From the earliest days in which bottling soda became practical, the bottles were returnable. Besides being environmentally sound, this setup made plain business sense. By reusing bottles, the soda bottlers kept costs down in that they had to manufacture fewer new bottles. It must also be pointed out that this was not unique to the soda industry. Milk and even beer was sold in returnable bottles which could be returned for a deposit.

Inevitably, various brands of soda would develop their own unique designs in bottles. By far the most famous of these designs is the hobbleskirt or contour Coca-Cola bottle. The design was developed by machinist Earl Dean of Indiana, who thought he was designing the bottle after a cola leaf. Turned to the wrong page of the encyclopedia, he actually used a cacao leaf to develop the bottle's design! Other soda companies would develop their own unique bottle designs. Both Double Cola and Pepsi used a swirl design on their bottles. Many of the root beer makers made bottles that looked like, well, beer bottles...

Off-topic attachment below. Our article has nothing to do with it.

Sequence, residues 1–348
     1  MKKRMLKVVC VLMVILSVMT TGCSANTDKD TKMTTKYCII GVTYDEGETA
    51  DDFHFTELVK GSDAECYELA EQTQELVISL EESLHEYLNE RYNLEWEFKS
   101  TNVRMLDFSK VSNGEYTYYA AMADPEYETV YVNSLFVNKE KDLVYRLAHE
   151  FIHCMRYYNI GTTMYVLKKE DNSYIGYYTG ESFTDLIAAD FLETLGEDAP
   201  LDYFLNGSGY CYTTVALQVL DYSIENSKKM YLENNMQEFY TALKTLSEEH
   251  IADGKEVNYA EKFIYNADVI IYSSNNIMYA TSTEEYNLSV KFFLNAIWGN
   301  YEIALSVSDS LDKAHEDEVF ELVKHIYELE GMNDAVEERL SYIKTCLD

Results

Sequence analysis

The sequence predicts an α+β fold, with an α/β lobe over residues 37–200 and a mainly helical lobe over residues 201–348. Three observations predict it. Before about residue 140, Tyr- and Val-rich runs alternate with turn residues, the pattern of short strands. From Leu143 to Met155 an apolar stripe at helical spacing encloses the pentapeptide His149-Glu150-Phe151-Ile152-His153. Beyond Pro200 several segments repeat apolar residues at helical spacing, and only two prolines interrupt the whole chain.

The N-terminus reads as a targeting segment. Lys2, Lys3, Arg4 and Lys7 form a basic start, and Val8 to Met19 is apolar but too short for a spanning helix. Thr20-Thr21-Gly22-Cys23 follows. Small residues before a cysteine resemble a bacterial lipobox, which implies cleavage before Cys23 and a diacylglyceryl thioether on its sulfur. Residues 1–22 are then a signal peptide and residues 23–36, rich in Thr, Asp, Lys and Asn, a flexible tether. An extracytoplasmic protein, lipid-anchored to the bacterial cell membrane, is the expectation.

From the beginning there were problems with the returnable bottle. Quite simply, people weren't always inclined to return the empties. As late as 1933 Coca-Cola felt the need to distribute coupons for a free six pack to grocers to be given to every customer who returned empties. Apparently many did not like the inconvenience of having return bottles. Despite this, it would be some time before non-returnable bottles and cans would replace the returnable bottle.

It was in 1935 that Owens-Illnois introduced the non-returnable bottle. It was embraced immediately by beer manufacturers, although soda makers were a bit more hesitant. It was not until 1964 that Pepsi Cola announced it was developing a non-returnable bottle. Other soda makers would eventually follow suit. With environmental awareness growing in the Sixties, the nonreturnable bottles were not a hit with everyone. In 1970 protestors dumped a number of nonreturnable bottles in front of Coke's headquarters in Atlanta. The early Seventies would also see the first bottle deposit legislation introduced in many states.